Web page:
Scottish National Dictionary (1700–)

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CLIM, v. Sc. form of Eng. climb. The strong conjugation still persists in Sc. (and in many Eng. dials.), although it has long been superseded in St.Eng. For forms and phonetics see the various sections, under.

1. Pr.t. and inf.: clim. [klɪm] Sc. 1923 in Sc. Univ. Verses 1918–1923 18:
Do ye no see her climmin' up yon michty foamin' wave? D'ye see the murky swirl o' her goon?
Lnk. 1919 G. Rae 'Tween Clyde and Tweed 98:
And I at last the gowden stairs maun clim', To find a bield wi' langsyne glories hingin', Weel-backit frae the saints an' seraphim.

Hence climmer, a climber. Sc. 1912 A.O.W.B. Fables frae the French 44:
The climmer noo cam doon frae aff the tree.

2. Pa.t.

(1) Weak conjugation: clim't. [klɪmt] Abd.(D) 1920 G. P. Dunbar Guff o' Peat Reek 24:
The honeysuckle clim't the wa'.

(2) Strong conjugation: (a) clam(b), claam [klam, klɑm]; (b) clum [klʌm]. (a) Abd.(D) 1755 R. Forbes Jnl. from London 30:
I . . . clam out at t'ither door o' the coach.
w.Dmf. 1917 J. L. Waugh Cute McCheyne 30:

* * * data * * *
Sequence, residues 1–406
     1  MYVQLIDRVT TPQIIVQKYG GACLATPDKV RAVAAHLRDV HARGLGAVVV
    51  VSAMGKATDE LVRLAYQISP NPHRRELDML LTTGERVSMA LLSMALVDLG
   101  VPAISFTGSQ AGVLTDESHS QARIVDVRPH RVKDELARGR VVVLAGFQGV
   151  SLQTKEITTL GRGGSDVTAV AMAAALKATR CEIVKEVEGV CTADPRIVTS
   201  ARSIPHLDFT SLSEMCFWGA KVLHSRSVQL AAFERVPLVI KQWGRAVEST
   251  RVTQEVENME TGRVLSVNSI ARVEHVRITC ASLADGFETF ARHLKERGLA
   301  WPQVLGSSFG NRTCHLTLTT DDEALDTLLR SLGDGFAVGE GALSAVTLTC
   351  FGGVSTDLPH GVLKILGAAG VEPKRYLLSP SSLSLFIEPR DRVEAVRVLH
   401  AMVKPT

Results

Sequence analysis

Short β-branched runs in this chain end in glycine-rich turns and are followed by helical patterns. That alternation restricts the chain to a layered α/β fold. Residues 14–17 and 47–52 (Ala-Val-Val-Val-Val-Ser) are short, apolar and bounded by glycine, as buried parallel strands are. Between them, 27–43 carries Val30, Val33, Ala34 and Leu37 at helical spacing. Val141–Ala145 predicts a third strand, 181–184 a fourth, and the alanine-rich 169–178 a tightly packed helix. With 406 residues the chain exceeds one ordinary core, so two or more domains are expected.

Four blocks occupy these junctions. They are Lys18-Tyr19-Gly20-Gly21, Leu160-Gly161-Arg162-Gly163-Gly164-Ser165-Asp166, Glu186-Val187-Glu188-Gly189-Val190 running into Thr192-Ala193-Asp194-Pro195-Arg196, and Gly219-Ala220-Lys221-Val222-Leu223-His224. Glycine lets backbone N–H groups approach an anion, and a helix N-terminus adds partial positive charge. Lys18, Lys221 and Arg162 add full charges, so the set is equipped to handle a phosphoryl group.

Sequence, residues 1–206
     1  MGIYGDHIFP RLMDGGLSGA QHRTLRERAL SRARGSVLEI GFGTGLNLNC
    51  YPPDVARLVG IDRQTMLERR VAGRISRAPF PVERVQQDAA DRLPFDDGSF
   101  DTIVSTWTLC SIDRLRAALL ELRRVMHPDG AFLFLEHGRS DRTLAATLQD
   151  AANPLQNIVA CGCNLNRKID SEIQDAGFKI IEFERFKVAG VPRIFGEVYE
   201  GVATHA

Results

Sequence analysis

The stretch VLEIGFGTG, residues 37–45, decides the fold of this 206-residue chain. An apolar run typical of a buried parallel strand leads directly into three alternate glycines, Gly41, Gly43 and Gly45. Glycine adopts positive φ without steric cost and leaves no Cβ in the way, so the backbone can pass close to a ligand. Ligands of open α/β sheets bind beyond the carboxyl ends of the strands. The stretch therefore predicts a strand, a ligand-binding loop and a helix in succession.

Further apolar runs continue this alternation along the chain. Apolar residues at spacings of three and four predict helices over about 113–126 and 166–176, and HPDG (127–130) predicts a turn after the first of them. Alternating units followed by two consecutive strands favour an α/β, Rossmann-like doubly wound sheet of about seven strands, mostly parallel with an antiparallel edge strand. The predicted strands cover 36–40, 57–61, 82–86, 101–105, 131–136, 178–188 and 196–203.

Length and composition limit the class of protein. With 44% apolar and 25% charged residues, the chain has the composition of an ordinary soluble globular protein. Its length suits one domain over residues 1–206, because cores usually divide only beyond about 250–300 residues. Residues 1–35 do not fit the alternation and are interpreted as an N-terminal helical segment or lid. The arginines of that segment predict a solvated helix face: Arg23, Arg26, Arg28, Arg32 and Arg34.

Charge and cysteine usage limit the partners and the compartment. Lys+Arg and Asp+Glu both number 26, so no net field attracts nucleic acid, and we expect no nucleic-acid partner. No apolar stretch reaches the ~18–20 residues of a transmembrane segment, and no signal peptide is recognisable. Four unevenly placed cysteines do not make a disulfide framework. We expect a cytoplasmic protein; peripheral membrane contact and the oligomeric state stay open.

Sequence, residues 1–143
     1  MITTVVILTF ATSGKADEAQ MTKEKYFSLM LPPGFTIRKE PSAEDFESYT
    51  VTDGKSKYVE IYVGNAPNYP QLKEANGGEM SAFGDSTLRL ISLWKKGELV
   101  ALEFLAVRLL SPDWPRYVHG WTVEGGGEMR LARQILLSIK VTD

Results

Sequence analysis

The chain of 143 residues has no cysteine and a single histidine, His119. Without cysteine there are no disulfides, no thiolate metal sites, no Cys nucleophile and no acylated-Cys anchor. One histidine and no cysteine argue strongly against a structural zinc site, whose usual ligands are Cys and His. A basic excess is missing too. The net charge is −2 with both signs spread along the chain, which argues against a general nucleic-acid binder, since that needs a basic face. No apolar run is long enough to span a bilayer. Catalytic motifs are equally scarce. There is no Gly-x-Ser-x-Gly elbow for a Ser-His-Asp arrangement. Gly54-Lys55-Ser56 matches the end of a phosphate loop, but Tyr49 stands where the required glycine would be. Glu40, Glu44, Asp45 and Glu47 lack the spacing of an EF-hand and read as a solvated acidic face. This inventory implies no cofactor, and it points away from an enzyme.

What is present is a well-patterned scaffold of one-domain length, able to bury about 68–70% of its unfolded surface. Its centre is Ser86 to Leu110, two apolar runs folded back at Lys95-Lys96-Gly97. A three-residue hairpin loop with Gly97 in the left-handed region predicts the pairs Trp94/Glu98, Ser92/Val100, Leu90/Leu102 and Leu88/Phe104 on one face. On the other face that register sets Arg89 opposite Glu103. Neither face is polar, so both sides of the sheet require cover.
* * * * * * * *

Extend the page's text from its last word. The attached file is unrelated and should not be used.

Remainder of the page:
I had yin o' the best an' truest lads that ever clamb a hill-face.
Rxb.(D) 1925 E. C. Smith Mang Howes an Knowes 23:
A planteet masel i the machine, takin tent no ti crack ma cantel as A claam in.
(b) Sc. 1887 R. L. Stevenson Underwoods 126:
An' the cauld terror clum in bed Wi' a' an' sindry.

3. Pa.p.: (1) clum [klʌm]; (2) clomb(e) (rare) [klɔm]. (1) Fif. 1864 W. D. Latto Tammas Bodkin xxvi.:
The cuttie had actually clum up to the garret amang the lumber.
Rxb. 1805 A. Scott Poems 54:
High, high had Phoebus clum the lift, And reached his northern tour.
(2) Sc. 1827 Scott Croftangry ii. in Chrons. Canongate I.:
Likewise there are sindry honorable families, quhilk . . . have clombe higher up the brae of preferment.
Abd. 1923 B. R. M'Intosh Scent o' the Broom 14:
Noo I've clomb my last hillock and cleared my last howe.

[The form clim is found in the pr.t. in the majority of Eng. dials. The reg. strong conjugation in O.Sc. was clim, clam(be), clum(byn) (from O.E. climban, clamb, (cmb), clumbon, clumben), but the form of the O.Sc. pa.p. has been transferred in some cases to the pa.t. in Mod. Sc. (the pret. pl. in u having died out at an early date).]

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"Clim v.". Dictionary of the Scots Language. 2004. Scottish Language Dictionaries Ltd. Accessed 12 Jun 2021 <>



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